Thanks for sharing your experience at PRSSA’s Portland Paddle. I have always heard such great things about the experience. The way you broke down what you learned was very helpful and easy to read. I have struggled creating a personal brand and have begun working on making my social media more professional. I am not as active on Twitter as I would like to be. I also want to enhance my website and make it an accurate representation of who I am. Your post was very insightful!

  3. Jessica Murray says:

    Jill,

    I love this post! For one of my courses we have to audit our own social media accounts and this model will definitely be how I break down my analysis for my own content. I really like that you touched on the idea of adjusting past social media activity to who you are now. I think a lot of times people consider that sort of editing to be “fake” or lacking authenticity, but I’d say that updating your social media persona makes for a more authentic representation of who you are at this moment. Also, thanks for breaking down all the pieces of the model. That approach made for a very digestible and comprehensive read.

  4. Taylor Kissinger says:

    Hi Jill,

    This post is super helpful! I can tell that you’ve thought deeply and critically about personal social media personas. Do you think that the importance/weight of these rules vary on different platforms? For example, I feel like Twitter has a reputation of being more angsty and raw while Facebook is considered a bit more family friendly. Or do you think that your social media persona should be the same across all platforms?

  5. Nikki Heaston says:

    This was such a helpful post! Thank you! This will give me a lot to think about especially in terms of my own accounts and things that I’ve liked that could potentially be off-putting to future employers. I also liked the first point about maturity. I should update my profiles to reflect who I am today. I joined FB about 10 years ago and I know I’ve matured since then and so have my interests. I agree with Jessica’s comment that it shows a more authentic representation of who I am today if I update my account. I also like the idea of building our own personal brands and being more strategic in our social media use to be brand-authentic. I’m interested in a career as a brand manager and was recently given good advice about getting experience by building my own brand. That can be done through FB, Instagram, Twitter, LinkedIn, and blogging. If I can successfully build my own brand it will be evidenced through the job I end up in.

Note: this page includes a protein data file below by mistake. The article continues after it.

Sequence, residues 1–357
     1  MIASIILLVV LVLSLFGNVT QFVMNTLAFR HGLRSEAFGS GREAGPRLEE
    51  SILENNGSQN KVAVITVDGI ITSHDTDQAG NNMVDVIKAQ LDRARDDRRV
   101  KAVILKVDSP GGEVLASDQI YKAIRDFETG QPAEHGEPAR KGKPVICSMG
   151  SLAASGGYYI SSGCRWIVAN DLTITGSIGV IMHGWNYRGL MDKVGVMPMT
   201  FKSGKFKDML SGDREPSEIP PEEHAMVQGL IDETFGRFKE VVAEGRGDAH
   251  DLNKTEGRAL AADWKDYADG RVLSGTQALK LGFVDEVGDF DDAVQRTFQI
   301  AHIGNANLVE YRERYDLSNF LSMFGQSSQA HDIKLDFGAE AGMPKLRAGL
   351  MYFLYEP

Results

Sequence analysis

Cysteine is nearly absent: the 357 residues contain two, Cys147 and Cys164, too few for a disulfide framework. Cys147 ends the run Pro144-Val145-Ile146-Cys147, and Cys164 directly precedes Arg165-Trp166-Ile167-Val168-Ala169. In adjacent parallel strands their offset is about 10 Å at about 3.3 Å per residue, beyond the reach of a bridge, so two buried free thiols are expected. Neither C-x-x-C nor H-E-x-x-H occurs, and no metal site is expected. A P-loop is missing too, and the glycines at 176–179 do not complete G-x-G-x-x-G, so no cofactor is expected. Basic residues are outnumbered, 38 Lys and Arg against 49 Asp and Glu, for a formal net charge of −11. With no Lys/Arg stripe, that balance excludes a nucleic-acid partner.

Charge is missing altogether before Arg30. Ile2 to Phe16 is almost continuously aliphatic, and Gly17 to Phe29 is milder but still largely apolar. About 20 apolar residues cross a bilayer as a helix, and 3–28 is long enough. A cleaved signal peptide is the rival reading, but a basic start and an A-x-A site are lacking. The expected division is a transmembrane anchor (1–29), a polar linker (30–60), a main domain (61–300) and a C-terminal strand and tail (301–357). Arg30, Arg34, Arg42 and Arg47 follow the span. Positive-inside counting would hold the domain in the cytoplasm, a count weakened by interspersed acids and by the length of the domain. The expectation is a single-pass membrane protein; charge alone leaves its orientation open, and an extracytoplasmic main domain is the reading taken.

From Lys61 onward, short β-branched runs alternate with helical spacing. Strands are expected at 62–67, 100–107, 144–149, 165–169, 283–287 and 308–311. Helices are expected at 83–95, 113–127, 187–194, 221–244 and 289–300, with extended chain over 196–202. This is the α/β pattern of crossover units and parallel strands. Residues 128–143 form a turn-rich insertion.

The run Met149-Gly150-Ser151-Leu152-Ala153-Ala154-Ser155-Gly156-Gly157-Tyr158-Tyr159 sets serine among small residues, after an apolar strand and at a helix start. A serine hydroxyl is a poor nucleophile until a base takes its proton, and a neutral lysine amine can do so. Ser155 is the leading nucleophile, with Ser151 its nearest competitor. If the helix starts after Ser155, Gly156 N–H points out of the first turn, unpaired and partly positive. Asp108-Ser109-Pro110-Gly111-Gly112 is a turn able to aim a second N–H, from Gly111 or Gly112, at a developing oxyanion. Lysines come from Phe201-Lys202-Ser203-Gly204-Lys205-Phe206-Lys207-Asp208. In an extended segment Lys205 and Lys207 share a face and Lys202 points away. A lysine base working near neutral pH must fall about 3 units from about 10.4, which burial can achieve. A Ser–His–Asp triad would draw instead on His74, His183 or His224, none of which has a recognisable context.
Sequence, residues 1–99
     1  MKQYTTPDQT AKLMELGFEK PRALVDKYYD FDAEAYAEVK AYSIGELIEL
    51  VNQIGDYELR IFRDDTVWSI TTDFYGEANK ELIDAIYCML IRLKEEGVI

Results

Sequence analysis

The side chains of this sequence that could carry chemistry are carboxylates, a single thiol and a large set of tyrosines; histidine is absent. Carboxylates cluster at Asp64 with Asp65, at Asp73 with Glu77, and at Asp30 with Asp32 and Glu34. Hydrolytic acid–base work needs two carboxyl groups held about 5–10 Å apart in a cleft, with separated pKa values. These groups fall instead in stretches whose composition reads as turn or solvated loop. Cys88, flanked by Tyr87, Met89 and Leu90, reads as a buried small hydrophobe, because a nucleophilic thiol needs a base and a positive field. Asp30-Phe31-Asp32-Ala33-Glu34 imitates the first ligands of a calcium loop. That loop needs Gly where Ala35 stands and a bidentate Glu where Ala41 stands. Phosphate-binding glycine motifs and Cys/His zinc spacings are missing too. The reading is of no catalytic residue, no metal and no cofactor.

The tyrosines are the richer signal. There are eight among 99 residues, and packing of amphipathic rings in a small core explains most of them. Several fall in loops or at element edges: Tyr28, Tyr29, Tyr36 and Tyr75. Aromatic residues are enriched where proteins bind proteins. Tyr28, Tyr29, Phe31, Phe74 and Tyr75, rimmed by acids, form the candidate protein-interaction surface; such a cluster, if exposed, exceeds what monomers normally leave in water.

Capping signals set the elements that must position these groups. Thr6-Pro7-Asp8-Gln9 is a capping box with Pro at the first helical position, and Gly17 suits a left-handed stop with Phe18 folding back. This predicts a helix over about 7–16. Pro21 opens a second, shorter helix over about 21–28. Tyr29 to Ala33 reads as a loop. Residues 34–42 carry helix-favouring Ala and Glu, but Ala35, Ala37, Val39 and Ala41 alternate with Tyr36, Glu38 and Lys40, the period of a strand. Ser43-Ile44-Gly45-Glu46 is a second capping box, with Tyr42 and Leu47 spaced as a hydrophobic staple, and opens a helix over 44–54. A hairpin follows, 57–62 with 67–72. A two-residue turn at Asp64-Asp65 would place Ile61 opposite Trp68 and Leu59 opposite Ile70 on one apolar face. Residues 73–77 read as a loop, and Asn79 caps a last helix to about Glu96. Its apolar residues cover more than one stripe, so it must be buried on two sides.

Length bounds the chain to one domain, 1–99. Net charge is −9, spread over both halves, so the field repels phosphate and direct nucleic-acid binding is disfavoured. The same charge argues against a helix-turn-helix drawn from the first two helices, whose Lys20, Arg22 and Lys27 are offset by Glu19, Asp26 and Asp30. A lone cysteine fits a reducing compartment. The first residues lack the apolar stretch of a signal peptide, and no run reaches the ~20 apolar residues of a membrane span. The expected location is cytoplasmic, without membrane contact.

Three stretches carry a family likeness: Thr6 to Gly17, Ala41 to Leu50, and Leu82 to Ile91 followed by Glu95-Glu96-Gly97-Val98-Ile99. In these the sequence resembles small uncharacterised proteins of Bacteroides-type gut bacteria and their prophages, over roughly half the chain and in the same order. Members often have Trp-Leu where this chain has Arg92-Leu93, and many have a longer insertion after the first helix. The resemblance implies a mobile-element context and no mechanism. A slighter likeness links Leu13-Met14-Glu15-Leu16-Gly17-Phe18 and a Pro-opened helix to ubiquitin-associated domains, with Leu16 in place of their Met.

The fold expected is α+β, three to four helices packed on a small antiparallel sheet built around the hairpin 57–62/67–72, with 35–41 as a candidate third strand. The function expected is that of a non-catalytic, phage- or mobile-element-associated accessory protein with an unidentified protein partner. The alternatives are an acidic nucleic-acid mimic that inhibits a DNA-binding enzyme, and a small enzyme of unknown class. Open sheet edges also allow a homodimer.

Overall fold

6. Molly Mair says:

    Jill, I found your post helpful as a guide post toward personal branding and the Digital center of excellence. It makes sense in the framework you outlined. I appreciated you adaptation of digital academy, I feel relevance takes awareness and research to accomplish. This idea of staying current is hard work 🙂

  7. Hannah Blair says:

    Jill, I love this post, and I will definitely be looking at all my social media accounts to potentially clean them up after reading this. I joined Facebook about 12 years ago and at that time, it was popular to have as many friends as you could and like as many things as possible (at least I thought so)! I realize now that I do not even know those people and the pages I may have liked then don’t reflect the person I am now. I found this post to be really helpful, especially since I will be trying to get a job this summer, and I want future employers to see the person I am through my social media.

  8. Daymon Standridge says:

    Jill,

    Thank you for sharing your insight and explaining how the Digital Center of Excellence model works. It is fascinating to see what people are developing to create personal brands and allow better understandings of social media and the presence we leave online. It is so important to be genuine on social media and finding a balance between being genuine and also posting content people will enjoy can be a challenge. As I move into the real world soon and begin searching for employment, I will use this model to help me shape my social media to show employers my genuine self.

  9. Holly Walden says:

    Jill,

    This post was incredibly helpful because I am a senior and will be hunting for a job very soon. Sometimes I forget that my social media can be a tool used to my advantage. If I clean my medias up then I will look more professional and may get chosen for a job over someone else. It is difficult growing up with social media because we have so much of our old content from a time where we were not fully developed and it is not a good representation of who we are today.